Unfortunately, I have been taken up with the doings of another Christopher – surnamed Donnelly – whose antics with the ‘Institute for Statecraft’ and ‘Integrity Initiative’ seem just as ludicrous as those of Steele, and equally destructive.
I hope to come back to the implications of what has been coming out on your side about the dossier attributed to Steele in more depth in the none-too-distant future, particular if in fact the depositions made by him and David Kramer are unsealed reasonably promptly, but some background remarks may be worth throwing into the discussion.
It cannot be repeated often enough that an enormous amount of damage has been done as a result of people forming their impressions of MI6 from David Cornwell, aka John Le Carré, rather than Graham Greene.
A critical point is that, while if ‘humint’ is pursued by competent people, it can be invaluable, if pursued by incompetents, like so many of those Greene had known in his time in the wartime MI6, and portrayed so marvellously in ‘Our Man in Havana’, it is common for an ‘echo chamber’ to be set up, where people are told what they want to hear.
Those providing the ‘echo’ may genuinely share the delusions involved – or they may cynically exploit these, as part of a deliberate strategy of making the incompetents instruments of their own agendas (as MI5 and the Naval Intelligence Division did with the Abwehr during the war. MI6, largely incompetent apart from the section Philby ran, was marginal.)
That precisely this kind of ‘echo chamber’ had been set up by the Berezovsky group with people like Steele was the thrust of a pointed remark made by Andrei Lugovoi in the press conference on 31 May 2007 where he responded to the Crown Prosecution Service request for his extradition.
According to his account, ‘Litvinenko used to say: “They are total retards in the UK, they believe everything we are telling them about Russia.”’
A couple of pieces from a British researcher called Graham Stack may make this judgement more comprehensible, and also bring out its relevance to current issues.
In September last year, Stack published, in the ‘Kyiv Post’, what was essentially a ‘mea culpa’ in relation to his own contribution to the Fusion GPS research on Manafort which was a critical element in the dossier attributed to Steele. It was headlined ‘Everything you know about Paul Manafort is wrong.’ (Not just some things: everything.)
(See https://www.kyivpost.com/ar… )
All this bears upon a lot of the nonsense about the notorious Ukrainian Jewish mobster Semion Mogilevich, which we were discussing on SST not so long ago.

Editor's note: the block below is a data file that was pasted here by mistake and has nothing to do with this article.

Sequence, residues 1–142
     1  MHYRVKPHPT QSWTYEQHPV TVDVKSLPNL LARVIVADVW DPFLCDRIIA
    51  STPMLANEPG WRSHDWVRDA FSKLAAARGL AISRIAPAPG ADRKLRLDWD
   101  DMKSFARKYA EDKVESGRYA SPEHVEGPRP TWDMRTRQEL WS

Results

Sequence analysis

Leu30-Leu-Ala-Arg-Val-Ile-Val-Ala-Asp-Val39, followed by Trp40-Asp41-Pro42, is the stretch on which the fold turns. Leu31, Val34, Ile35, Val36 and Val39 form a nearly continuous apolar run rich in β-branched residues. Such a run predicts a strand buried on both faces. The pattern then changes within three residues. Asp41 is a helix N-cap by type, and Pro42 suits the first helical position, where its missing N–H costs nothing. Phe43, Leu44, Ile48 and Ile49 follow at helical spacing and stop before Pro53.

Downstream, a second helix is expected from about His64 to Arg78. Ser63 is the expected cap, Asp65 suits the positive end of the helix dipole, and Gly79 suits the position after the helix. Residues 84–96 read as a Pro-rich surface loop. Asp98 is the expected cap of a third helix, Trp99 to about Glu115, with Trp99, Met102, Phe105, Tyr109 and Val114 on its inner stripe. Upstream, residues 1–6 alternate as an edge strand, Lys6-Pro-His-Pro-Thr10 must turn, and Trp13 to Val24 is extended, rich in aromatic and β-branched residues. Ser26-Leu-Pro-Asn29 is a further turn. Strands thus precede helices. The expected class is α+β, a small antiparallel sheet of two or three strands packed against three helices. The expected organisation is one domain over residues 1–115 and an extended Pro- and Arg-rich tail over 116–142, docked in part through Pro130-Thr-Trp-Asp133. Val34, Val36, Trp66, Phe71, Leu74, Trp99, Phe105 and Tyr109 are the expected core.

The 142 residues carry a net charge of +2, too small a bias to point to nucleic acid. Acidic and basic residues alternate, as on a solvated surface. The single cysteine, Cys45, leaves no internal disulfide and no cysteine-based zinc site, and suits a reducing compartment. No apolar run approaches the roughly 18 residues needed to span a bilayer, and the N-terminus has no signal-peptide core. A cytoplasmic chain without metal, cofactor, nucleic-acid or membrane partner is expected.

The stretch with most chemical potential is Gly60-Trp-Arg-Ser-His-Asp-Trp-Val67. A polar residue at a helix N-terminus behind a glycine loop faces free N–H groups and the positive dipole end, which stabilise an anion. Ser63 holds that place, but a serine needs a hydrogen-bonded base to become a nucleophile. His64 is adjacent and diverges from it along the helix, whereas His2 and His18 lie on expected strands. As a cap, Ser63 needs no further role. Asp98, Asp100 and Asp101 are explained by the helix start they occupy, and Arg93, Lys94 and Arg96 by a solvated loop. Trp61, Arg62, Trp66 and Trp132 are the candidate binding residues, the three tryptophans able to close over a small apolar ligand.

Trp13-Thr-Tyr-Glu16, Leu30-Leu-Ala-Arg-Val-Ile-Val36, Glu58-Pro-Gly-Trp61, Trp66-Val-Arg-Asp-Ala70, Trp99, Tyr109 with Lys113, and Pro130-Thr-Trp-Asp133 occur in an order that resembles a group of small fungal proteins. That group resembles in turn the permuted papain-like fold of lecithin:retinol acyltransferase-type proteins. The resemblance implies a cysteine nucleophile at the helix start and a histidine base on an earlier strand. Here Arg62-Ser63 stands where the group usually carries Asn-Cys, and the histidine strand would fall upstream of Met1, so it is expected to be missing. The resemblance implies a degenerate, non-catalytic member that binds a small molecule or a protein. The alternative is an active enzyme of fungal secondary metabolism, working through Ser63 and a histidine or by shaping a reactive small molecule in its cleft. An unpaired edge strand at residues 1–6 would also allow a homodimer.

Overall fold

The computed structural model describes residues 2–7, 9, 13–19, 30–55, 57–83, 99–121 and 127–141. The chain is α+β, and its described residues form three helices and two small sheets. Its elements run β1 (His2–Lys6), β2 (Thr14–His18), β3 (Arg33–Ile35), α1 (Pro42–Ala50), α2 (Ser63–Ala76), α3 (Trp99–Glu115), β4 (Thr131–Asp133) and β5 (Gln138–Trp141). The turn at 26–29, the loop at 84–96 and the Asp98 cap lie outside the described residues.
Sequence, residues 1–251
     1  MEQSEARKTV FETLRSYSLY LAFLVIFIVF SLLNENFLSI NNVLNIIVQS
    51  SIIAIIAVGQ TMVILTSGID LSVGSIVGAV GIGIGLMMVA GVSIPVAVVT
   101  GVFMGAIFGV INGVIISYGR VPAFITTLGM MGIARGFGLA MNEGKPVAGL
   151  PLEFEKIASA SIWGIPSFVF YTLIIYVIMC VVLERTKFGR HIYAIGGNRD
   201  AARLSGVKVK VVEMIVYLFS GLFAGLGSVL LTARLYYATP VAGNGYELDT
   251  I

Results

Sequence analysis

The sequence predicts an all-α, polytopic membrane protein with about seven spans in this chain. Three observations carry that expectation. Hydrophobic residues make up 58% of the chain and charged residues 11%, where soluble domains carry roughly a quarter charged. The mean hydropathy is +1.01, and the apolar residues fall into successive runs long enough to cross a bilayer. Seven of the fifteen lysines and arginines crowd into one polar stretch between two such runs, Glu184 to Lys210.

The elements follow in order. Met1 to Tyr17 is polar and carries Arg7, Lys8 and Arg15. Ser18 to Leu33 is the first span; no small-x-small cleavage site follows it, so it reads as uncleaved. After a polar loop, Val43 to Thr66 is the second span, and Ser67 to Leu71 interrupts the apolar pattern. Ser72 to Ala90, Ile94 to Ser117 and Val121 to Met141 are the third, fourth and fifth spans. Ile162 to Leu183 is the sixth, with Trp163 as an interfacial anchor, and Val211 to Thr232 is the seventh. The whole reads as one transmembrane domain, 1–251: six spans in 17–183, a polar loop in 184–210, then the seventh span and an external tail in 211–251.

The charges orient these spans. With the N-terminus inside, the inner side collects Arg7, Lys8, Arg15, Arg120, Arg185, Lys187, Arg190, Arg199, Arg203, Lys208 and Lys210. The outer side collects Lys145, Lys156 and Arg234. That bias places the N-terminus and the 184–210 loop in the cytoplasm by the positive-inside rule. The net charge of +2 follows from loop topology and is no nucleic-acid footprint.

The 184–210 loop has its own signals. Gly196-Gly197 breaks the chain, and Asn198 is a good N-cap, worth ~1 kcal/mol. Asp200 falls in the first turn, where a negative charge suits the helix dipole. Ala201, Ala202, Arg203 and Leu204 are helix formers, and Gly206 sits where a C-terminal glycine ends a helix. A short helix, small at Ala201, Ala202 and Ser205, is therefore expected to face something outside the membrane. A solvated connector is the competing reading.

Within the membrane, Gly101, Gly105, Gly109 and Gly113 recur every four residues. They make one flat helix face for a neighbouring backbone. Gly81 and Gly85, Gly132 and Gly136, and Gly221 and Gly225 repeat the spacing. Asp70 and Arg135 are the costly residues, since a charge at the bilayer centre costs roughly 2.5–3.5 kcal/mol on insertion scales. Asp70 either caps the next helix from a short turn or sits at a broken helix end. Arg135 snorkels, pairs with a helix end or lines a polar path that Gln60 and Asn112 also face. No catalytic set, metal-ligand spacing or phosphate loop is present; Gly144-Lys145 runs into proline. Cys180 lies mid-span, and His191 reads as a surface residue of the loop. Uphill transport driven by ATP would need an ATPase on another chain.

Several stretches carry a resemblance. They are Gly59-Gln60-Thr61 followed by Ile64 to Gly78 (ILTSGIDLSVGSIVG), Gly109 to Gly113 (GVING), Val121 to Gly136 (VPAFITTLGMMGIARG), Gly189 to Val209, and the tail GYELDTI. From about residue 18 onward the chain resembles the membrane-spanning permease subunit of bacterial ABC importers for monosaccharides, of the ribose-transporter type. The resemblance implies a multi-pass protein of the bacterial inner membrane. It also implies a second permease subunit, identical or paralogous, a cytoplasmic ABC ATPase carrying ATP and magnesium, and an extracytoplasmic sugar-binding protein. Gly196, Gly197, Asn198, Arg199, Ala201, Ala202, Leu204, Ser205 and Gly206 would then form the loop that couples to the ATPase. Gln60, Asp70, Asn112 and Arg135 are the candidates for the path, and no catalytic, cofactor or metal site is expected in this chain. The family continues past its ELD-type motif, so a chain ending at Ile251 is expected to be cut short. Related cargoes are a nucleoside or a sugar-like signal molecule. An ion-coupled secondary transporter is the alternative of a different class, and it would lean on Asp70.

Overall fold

It was actually Putin and Tymoshenko who had eliminated the intermediaries associated with Firtash with which Mogilevich was reported – probably reliably – to be associated: and so it was their doing this which led to the distinctly dubious conviction of the ‘gas princess’ following Yanukovych’s election.
Far from being a Kremlin ‘Trojan horse’, Manafort was doing his utmost to encourage Yanukovych to sign the EU Association Agreement. However, his collaborator in this was the President’s chief of staff, Serhiy Lovochkin, who was a junior partner of Firtash. This kind of muddle is the real world of post-Soviet politics, rather than the infantile version produced by ‘retards’ like Simpson.
Also interesting in relation to Mogilevich is a piece which Stack produced in April 2015 in ‘bne IntelliNews’, entitled ‘The Rise and Fall of the Russian Oligarchy’, which was based on newly declassified Clinton Administration documents.
(See http://www.intellinews.com/… .)
Among other things, this provides a vivid picture of the apologetics which the members of the ‘semibankirshchina’ – the rule of the seven bankers – were making to U.S. Embassy officials following their collaboration with the United States, and Britain, in securing Yeltsin’s victory in the 1996 Presidential election.
One of the things which emerges clearly is that, in their search for Western ‘krysha’, the ‘semibankirshchina’ were prepared to give the Western powers everything they wanted – including enthusiastic support for NATO expansion.
Another point of interest is their apologetics in relation to accusations of criminal activities. In a lunch at the U.S. Embassy in November 1996 with Vladimir Gusinsky, at which he had explained how he and his associates would put the country on a pro-US course, the question of their associations with organised crime came up. In Stack’s summary:
‘Gusinsky “did not deny that many Russian businessmen, including himself, had engaged in dubious activities, especially as they were setting up their operations and accumulating capital”, he told the diplomats. “Nevertheless, a number of big businessmen had now emerged – for example, Berezovsky's seven bankers [Boris Berezovsky himself, Vladimir Gusinsky, Mikhail Fridman, Vladimir Vinogradov, Aleksandr Smolensky, Mikhail Khodorkovsky, Vladimir Potanin] – who were so big and influential that they no longer had to engage in such activities and no longer did,” the document reads. Gusinsky claimed that allegations of oligarchs’ links to organised crime were spread by Russia's security services, with the aim of stemming capital flight.’